Everyone wants to be an Abraham

If you ever once in your Sunday-School-attending life sang the song “Father Abraham,” raise your hand.

Or rather, raise your right arm, left arm, right foot, left foot…

Abraham is so very legendary. I mean, not only is the ultimate kids’ Bible song all about him, but he really is the father of our lineage. He’s the guy who could make babies in his 100s. He’s in the Hall of Faith (see Hebrews 11 – and  your Sunday School teacher – if you don’t know what I mean). He is the one to whom God promised the nations, heirs numbered with the stars.

Other than that time he lied (Genesis 20:2) and the time he made a baby with his wife’s handmaiden (Genesis 16), he was pretty cool.

When I was diagnosed with infertility, both Abraham and his wife Sarah became kind of mythical to me. In fact, it’s likely that every infertile couple who attends a Christian church have, at one time or another, been encouraged by the story of Abraham, Sarah, and their promised son, Isaac.

And it’s also likely that most women, longing to be mothers, struggling to believe in the miraculous, the promise, the seemingly-far-off-hope-fulfilled, have at least once felt as desperate as Sarah did when she chose to create an heir for Abraham by way of Hagar.

Since I have become a mother, and as I have grown in my learning of God’s sovereignty and his fatherliness, I find myself thinking more and more about That Day: the day Abraham took his only son, his promised heir, his gift from God, and planned to sacrifice him in obedience to God.

I have written before about my own coming-to-grips with the reality that my children are loaned to me, that they belong to God and not to me. As my now three and four-year-olds grow and learn more every day, I continue to be humbled that I get to have them with me, I get to be their momma, I get to share in every moment of growth, challenge, and accomplishment. I get to make decisions that affect the rest of their lives (not that that is easy, but it sure is a privileged responsibility).

But as anyone who has children knows, having them etched in our hearts makes our hearts ever more tender. It’s increasingly difficult as I go through life to think about what it would be like to lose one of these precious lives that has been entrusted to me, yet it’s something that life forces us to think about every day.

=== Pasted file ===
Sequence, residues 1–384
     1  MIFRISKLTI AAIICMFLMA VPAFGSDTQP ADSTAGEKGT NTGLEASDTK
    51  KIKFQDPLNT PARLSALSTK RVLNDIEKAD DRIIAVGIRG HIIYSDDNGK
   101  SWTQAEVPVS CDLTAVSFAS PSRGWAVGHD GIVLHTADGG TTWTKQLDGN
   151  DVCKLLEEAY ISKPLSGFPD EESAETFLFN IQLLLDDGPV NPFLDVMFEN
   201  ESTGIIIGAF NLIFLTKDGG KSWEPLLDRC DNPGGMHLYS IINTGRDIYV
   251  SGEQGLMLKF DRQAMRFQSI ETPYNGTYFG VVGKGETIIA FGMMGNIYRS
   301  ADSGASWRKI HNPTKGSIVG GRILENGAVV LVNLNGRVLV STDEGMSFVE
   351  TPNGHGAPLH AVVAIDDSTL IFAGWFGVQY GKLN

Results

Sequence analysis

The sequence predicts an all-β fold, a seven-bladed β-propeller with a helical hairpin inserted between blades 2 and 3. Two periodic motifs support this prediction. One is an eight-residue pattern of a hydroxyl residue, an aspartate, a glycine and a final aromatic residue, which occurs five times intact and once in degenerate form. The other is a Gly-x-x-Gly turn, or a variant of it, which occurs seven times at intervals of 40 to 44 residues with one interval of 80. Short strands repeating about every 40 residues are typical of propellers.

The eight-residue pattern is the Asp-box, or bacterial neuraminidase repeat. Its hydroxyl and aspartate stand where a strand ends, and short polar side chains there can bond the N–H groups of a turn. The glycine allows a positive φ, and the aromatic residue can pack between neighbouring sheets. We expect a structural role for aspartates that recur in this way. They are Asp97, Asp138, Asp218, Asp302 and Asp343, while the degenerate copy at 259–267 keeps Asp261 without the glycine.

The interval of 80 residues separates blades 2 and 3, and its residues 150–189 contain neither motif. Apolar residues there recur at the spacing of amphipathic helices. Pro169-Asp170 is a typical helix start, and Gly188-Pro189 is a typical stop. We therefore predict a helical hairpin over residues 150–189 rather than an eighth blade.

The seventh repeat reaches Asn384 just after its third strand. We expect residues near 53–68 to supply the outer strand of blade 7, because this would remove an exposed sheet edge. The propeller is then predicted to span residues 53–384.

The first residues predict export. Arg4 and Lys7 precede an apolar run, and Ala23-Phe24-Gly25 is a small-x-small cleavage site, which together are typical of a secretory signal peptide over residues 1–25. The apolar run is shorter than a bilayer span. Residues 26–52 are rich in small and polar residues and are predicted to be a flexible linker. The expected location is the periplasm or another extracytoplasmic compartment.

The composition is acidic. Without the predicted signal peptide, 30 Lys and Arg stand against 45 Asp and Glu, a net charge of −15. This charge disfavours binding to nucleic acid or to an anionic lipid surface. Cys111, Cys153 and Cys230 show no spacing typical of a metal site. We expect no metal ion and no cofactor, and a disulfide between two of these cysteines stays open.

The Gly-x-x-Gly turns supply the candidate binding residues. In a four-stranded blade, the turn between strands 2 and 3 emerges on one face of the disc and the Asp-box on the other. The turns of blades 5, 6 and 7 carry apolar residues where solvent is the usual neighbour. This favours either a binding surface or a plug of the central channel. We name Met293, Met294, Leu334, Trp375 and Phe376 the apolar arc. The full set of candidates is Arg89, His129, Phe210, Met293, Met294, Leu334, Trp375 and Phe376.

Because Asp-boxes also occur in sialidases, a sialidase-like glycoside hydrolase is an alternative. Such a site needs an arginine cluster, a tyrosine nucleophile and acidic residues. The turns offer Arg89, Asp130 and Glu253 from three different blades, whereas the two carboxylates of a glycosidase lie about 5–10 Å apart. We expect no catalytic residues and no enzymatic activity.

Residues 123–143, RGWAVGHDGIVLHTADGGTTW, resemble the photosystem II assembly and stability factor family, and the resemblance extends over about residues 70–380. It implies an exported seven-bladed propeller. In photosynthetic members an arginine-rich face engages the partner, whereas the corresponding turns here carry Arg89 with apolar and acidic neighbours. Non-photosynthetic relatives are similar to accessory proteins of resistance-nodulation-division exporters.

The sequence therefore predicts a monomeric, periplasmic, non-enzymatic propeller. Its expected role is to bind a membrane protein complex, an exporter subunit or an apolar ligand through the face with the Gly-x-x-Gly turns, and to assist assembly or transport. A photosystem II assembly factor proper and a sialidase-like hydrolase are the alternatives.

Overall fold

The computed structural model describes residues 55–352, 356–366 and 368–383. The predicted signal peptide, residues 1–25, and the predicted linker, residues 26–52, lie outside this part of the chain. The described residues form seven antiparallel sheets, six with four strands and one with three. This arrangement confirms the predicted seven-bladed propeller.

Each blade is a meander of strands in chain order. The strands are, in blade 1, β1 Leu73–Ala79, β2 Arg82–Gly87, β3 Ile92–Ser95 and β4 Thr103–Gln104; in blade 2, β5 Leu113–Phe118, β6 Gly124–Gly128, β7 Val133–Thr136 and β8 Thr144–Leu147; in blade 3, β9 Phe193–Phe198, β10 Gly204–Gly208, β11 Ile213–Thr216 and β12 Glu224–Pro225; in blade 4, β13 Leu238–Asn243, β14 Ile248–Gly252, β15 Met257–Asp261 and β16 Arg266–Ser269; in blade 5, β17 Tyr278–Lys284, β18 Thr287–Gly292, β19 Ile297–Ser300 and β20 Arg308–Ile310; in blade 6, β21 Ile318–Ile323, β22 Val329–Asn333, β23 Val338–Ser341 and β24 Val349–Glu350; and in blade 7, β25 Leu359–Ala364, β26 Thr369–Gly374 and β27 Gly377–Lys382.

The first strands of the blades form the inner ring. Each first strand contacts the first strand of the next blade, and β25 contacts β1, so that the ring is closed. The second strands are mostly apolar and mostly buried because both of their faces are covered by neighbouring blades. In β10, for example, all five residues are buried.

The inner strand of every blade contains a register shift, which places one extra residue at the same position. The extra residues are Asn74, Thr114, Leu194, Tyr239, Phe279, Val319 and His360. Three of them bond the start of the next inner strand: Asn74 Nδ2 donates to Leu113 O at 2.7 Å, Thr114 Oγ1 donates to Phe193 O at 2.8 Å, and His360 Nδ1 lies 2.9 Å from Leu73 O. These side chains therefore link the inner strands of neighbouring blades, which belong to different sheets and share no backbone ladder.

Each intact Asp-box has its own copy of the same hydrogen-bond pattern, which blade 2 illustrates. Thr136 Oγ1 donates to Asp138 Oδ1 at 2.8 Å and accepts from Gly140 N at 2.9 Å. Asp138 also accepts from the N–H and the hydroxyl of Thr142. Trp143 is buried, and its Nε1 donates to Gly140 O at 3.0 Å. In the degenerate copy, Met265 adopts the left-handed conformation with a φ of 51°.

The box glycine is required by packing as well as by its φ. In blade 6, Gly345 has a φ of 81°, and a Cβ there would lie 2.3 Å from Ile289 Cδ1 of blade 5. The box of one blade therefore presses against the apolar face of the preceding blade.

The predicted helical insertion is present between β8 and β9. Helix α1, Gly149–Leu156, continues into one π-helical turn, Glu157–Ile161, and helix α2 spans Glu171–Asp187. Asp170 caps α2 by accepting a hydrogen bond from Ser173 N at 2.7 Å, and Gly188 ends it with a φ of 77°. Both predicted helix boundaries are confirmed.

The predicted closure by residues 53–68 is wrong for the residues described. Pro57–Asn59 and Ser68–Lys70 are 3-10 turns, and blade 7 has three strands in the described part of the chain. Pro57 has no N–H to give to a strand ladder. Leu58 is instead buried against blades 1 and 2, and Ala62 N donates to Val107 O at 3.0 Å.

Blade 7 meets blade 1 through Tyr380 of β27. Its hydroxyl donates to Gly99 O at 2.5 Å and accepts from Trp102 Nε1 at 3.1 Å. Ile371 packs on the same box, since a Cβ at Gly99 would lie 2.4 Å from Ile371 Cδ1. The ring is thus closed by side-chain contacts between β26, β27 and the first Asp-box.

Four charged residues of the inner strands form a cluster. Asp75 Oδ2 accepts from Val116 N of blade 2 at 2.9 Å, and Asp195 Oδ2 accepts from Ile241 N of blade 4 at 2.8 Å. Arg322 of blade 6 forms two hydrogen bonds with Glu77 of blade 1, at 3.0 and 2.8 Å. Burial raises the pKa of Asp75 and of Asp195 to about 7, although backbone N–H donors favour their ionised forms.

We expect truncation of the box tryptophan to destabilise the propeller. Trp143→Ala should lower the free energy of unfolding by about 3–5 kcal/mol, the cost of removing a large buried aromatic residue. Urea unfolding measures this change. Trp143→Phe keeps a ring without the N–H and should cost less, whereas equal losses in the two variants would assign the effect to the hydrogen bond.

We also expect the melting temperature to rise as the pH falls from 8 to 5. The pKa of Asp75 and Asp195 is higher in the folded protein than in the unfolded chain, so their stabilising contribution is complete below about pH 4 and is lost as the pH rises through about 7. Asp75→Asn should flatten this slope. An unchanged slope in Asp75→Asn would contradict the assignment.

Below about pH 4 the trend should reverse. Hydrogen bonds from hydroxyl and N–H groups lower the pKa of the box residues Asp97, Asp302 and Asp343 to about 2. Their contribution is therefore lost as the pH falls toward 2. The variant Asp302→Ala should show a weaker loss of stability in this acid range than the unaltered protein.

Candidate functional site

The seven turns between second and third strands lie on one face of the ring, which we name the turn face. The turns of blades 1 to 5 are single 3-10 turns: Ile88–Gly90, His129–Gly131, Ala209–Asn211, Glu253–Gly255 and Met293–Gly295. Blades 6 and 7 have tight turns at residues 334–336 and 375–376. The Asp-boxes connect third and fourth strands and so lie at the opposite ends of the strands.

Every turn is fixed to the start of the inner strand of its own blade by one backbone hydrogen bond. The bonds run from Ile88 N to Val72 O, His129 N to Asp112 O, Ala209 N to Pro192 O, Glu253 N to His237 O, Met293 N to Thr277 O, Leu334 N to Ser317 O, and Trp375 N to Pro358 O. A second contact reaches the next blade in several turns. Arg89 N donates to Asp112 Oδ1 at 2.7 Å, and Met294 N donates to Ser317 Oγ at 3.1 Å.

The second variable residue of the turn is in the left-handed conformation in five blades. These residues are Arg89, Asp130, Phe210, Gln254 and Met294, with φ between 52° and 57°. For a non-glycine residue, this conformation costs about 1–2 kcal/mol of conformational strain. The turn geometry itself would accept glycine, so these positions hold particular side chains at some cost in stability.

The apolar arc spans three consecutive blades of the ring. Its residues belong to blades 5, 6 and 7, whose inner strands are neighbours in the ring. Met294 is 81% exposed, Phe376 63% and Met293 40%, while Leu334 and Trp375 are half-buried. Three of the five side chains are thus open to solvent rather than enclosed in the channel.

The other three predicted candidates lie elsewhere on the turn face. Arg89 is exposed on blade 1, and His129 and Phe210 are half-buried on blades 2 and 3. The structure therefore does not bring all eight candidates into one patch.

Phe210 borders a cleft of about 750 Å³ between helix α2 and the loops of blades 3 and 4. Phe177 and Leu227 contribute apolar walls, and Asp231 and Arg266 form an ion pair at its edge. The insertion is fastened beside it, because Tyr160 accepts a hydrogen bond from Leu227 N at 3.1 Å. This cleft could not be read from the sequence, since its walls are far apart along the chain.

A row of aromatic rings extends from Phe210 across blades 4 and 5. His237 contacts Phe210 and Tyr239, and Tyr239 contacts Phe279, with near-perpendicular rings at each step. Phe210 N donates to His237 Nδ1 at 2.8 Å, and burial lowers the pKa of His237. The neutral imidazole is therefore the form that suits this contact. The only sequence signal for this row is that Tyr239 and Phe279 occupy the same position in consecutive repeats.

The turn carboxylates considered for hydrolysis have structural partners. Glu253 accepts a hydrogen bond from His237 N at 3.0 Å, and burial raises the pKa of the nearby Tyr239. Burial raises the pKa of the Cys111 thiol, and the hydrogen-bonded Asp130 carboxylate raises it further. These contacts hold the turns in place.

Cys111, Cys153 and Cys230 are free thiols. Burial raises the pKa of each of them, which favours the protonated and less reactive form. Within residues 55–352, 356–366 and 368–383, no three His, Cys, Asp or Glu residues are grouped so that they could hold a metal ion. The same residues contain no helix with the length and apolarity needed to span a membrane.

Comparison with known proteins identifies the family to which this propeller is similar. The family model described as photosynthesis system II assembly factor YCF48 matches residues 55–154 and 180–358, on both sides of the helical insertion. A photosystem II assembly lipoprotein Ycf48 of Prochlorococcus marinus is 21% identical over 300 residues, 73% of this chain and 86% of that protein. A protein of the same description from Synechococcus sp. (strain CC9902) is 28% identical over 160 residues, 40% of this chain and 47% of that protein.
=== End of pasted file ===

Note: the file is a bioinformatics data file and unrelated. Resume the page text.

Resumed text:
On our local Chicago news, there is all too often a story or two of a child being shot, hit by a car, or in some way neglected or abused, leading to a tragic, early death. Any number of newscasts or blog sites on any given day will detail the struggle of a family who has lost a little one to disease. Most of us know someone personally who has lost a child – and even if the “child”  is an adult when it happens, the pain and grief is something unfathomable to those who have not experienced it.

Though my spirit eyes see those children in their perfect, Heavenly home, my very human mama’s heart can barely grasp what life would be like if this happened to me. While I proclaimed long ago that I would trust and serve God no matter what, we all know that the matters brought to us by life’s unpredictable circumstances often attack our faith first.

We all want to be Abraham. We all want to be the one whose child is safe, who has our child “given back to us” as we seek and obey the Lord.

But some of us are a David, whose son was lost even after he repented. We do not receive the miracle that was received by the Shunammite woman (2 Kings 4) or the widow’s son (Luke 7:11-16), whose children’s lives were also spared, even after those children had appeared lifeless.

And whether it is the death of a dream or a way of life, or if our children are spared from death but not from suffering, we sometimes go through life walking on a tight rope of faith when it comes to parenting, wondering if something will finally knock us off and cause us to give up.

Recently I have been watching my three-year-old daughter with a sense of wonder. I know that all children have a call from God on their lives, but in our youngest child, I see an early anointing from some powerful unknown future. She takes the Bible stories and prayers she hears and makes them a part of her daily conversation. She sometimes chants a verse or phrase seemingly when her parents need to hear it. She sometimes raises her hands in response to a worship service. I am excited to think about how the Holy Spirit will grow and move in her.

But I also know that when we give our children, truly and completely, to the Creator, He might call them to missions I wouldn’t choose for them. While some might sing or preach in front of thousands, others will live in danger on the mission field. While some will pastor churches or host Christian radio, some will be persecuted for His name in the secular job force.

And while some will be spared on that mountain of sacrifice, some will never come back down. The reasons will not be ours to know on this side. We will be left to mourn and grieve and trust in the comfort and wisdom of a Savior we cannot see.

While our children are with us, we must do all we can to emulate the faith of our Bible heroes in their lives. Let us pray for our children without ceasing, read the Word to them, point them in love and passion toward the Cross. We cannot protect them from dangers they might face, but we can teach them that for every toil and snare, there has already been a Sacrifice, and it bought all the grace they will ever need.